A two-months-long stalemate between three Bellevue City Council members and the city's mayor has stalled attempts to fill a vacant council seat, and residents are fed up.
“You can either speak to a wall or speak to the council, it's going to have the same effect,” Bellevue Bridge Commission Chairman Don Fenster told the council at its most recent meeting.
The dispute has become a topic of discussion in coffee shops and book clubs in Bellevue, where residents say they are embarrassed by the council's reputation for clashing with the mayor.
The crux of the problem is Mayor Rita Sanders' appointment of businessman Mike Hall to the council seat vacated by Scott Houghtaling.
Council President Don Preister, along with council members Carol Blood and Steve Knutson, blocked the appointment. They said another Olde Towne businessman, Dave Compton, is more qualified.
Now the council is poised to ask Nebraska Secretary of State John Gale to intervene and issue a formal ruling, but there's no guarantee that will lead to a resolution. If anything, Gale would clarify the process on how to proceed.
Gale said he has never had to issue a formal ruling on such a dispute between a mayor and city council.
“If this can't be resolved,” he said, “then I fear for Bellevue to be able to function as a city.”
The three council members say Compton has been more active in city government and would be able to “hit the ground running.” They also say they don't know Hall well enough to approve his appointment.
They proposed an alternative: a special election to fill the spot.
Sanders and the other two council members, Kathy Saniuk and Paul Cook, nixed that idea, citing the cost of up to $10,000.
Saniuk and others in the community have said they oppose a special election on principle. She said the mayor was within her power to make the appointment, and the other council members should respect that.
Sanders is standing by her nomination and says Hall continues to be the best candidate.
“The intention was to follow policy and procedures and bring the best candidate forward, and I feel that's exactly what I've done,” Sanders said.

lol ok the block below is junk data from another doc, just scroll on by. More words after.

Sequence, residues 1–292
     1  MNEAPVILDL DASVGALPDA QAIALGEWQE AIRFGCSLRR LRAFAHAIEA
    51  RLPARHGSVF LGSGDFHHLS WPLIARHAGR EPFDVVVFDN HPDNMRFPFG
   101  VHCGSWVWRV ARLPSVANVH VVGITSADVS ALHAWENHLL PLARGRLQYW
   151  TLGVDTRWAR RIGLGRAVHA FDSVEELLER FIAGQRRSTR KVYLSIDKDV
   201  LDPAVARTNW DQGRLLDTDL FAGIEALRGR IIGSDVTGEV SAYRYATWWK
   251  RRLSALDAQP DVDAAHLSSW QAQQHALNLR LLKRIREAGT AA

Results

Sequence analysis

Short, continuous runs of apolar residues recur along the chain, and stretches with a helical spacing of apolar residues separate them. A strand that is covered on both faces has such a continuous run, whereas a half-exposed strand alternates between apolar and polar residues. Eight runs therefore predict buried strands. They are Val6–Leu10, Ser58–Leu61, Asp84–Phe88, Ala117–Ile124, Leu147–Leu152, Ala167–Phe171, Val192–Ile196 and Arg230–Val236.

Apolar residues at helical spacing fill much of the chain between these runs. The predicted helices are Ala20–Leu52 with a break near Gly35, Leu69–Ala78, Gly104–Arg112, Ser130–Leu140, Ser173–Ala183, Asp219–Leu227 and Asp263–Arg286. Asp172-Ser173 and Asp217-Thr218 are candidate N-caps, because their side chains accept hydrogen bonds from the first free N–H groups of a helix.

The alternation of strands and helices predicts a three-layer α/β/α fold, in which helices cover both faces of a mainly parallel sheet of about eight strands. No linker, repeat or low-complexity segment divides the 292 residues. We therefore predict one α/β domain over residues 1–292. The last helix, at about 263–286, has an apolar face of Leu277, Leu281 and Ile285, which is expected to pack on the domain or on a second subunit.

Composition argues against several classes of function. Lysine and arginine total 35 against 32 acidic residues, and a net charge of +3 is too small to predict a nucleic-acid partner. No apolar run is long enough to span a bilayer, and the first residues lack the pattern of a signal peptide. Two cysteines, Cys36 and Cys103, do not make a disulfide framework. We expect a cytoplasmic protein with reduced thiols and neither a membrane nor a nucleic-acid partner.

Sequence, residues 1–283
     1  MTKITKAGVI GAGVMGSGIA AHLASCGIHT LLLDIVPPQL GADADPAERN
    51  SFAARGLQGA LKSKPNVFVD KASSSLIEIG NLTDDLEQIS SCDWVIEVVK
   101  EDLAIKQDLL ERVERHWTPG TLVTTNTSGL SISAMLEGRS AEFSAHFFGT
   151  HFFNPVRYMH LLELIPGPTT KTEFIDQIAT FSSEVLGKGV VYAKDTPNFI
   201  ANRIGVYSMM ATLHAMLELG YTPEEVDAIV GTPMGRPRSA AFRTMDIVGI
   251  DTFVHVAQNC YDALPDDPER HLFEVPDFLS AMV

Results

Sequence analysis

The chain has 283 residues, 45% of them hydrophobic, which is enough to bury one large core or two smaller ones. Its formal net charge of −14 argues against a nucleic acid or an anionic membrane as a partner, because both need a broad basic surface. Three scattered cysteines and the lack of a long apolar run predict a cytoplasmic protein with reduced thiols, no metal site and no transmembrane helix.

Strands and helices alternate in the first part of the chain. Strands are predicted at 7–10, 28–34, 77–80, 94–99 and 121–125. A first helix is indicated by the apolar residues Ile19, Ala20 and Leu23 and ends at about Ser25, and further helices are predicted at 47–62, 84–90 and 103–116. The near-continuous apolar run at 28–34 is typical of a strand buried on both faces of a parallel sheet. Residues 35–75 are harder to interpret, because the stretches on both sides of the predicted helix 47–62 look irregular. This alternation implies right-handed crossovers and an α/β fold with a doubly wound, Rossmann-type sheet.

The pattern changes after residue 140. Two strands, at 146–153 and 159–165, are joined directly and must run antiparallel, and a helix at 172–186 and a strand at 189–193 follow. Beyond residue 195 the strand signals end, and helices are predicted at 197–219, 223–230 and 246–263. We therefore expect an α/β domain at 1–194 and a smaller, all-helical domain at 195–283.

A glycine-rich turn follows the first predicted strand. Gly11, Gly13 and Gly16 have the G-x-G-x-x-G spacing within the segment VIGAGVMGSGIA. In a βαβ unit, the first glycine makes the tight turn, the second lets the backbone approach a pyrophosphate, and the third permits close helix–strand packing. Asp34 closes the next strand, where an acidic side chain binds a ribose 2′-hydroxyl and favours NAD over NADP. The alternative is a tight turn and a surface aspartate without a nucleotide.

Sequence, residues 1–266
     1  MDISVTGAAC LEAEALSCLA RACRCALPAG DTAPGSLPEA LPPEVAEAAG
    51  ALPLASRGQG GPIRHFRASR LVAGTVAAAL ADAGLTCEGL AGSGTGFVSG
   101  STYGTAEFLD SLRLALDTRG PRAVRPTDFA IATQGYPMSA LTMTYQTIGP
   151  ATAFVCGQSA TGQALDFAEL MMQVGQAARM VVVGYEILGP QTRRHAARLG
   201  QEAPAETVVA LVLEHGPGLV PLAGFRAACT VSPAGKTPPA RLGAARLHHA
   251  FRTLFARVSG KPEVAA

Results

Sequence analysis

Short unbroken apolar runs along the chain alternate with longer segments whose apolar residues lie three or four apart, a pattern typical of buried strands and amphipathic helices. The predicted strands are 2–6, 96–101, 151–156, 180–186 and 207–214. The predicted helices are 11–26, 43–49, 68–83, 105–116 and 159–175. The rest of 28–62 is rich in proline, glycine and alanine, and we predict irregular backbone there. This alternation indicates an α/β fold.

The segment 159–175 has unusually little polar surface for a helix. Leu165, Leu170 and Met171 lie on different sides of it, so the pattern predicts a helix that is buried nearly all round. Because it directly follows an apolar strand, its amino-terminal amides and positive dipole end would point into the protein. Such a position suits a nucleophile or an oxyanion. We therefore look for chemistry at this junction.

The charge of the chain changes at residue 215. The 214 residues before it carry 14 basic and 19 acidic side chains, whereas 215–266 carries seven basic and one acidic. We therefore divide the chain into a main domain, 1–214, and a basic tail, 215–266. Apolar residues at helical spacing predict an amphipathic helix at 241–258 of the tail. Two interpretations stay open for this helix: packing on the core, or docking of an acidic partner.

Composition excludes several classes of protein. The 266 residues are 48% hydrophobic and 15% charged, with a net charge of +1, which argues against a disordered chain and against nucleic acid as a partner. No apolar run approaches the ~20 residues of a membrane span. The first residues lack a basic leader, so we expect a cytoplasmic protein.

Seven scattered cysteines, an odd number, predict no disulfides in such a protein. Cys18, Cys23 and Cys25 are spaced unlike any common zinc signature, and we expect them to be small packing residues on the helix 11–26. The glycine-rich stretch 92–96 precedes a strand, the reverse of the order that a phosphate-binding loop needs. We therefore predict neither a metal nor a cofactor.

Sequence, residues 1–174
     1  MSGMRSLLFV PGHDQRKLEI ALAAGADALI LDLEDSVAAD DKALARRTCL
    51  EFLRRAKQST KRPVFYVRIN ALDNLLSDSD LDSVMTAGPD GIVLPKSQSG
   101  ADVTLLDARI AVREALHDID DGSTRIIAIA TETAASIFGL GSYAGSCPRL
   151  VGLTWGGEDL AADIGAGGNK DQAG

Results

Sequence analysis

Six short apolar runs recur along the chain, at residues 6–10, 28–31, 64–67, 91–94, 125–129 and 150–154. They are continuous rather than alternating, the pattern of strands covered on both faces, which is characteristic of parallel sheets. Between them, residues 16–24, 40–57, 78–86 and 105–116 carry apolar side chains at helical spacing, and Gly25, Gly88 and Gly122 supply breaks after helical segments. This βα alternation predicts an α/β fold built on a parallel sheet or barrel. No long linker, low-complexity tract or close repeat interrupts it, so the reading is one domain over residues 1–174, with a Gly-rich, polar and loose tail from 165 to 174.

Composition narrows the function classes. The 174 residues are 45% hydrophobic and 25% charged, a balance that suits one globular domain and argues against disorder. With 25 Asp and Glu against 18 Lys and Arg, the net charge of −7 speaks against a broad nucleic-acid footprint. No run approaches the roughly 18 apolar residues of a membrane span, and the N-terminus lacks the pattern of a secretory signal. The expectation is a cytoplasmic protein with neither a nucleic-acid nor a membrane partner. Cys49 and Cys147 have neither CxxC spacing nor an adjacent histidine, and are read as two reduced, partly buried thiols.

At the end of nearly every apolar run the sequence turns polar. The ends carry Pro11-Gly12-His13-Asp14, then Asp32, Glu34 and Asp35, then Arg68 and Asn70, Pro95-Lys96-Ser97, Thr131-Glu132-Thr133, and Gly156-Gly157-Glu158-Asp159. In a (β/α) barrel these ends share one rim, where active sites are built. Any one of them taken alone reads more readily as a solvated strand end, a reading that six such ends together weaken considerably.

The City Council has spent several meetings voting down both proposals, first the special election, then Hall's appointment.
Meanwhile, Ward 1 residents have been coming to every meeting and pleading with the council to get the matter resolved. It has made for some tense moments at council meetings, particularly between Blood and Sanders.
Gale said someone from Ward 1 could sue and get a judge to force the city toward a solution, but that would not be ideal.
“Why should a judge have to run the City of Bellevue when you have politicians there who should be following the fine art of compromise?” he asked.
In 2006, Bellevue voters reduced the size of the council from 10 members to six. The leaders of a petition drive proposed the measure in part to curtail this type of bickering.
Terry Calek, who served as a spokeswoman for the group that pushed for the council's reduction, said she is disappointed with the results.
“Issues like this seem to perpetuate this feeling that there is not a lot of internal cooperation in working for the people,” she said, as opposed to “let's see who can win the biggest standoff.”
Calek said she thinks other cities in the area are watching, and it discourages them from working with Bellevue.
“I'd like to see us as a leader in the metro area,” she said.
Advice from City Attorney Pat Sullivan has created a tangent discussion. He said Sanders can appoint Hall as many times as she likes. But Preister and Blood believe that she must nominate someone else.
So far, Gale has declined to weigh in, saying he doesn't take the place of a city attorney.
Tonight the council is scheduled to vote to formally ask Gale to make a decision.
Gale hasn't received the request, but he said Sullivan's interpretation was well-researched. “It challenges the imagination to think they can't resolve this.”
Council members, the mayor and Sullivan insist that the people of Ward 1 aren't missing out on representation. Other council members are fielding requests for service, they said. And Blood, as the at-large council member, represents those people as she does the rest of the city's residents.
“This is not a crisis of any sorts,” Sullivan said. “Police are still patrolling the streets, parks are still getting mowed and building permits are still getting issued.”
But there are big decisions coming for the city, and no one on the council currently represents Ward 1 exclusively. The ward includes Olde Towne and the Haworth Park area, both of which will be seeing big changes as the police station moves from the area and the park reopens after the 2011 flood.
Also coming up for council discussion is the city budget, which will probably include some steep cuts.
People on both sides of the dispute have made overtures to resolve the stalemate, but they say they aren't much closer to an agreement. Preister and Sanders even met in person.
“We talked but nothing was resolved, so at this point we really haven't moved forward,” Preister said. “No progress.”
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